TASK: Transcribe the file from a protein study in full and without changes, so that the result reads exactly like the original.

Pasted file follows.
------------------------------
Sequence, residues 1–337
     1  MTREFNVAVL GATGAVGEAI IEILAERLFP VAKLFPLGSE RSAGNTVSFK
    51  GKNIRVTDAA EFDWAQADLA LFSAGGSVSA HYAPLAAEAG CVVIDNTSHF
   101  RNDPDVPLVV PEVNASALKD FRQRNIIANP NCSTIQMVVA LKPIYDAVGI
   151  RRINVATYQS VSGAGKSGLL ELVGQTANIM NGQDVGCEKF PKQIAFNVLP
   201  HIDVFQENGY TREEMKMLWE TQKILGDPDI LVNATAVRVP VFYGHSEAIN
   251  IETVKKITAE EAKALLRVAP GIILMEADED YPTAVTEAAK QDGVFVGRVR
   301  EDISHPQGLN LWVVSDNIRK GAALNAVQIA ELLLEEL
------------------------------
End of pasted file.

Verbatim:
Sequence, residues 1–337
     1  MTREFNVAVL GATGAVGEAI IEILAERLFP VAKLFPLGSE RSAGNTVSFK
    51  GKNIRVTDAA EFDWAQADLA LFSAGGSVSA HYAPLAAEAG CVVIDNTSHF
   101  RNDPDVPLVV PEVNASALKD FRQRNIIANP NCSTIQMVVA LKPIYDAVGI
   151  RRINVATYQS VSGAGKSGLL ELVGQTANIM NGQDVGCEKF PKQIAFNVLP
   201  HIDVFQENGY TREEMKMLWE TQKILGDPDI LVNATAVRVP VFYGHSEAIN
   251  IETVKKITAE EAKALLRVAP GIILMEADED YPTAVTEAAK QDGVFVGRVR
   301  EDISHPQGLN LWVVSDNIRK GAALNAVQIA ELLLEEL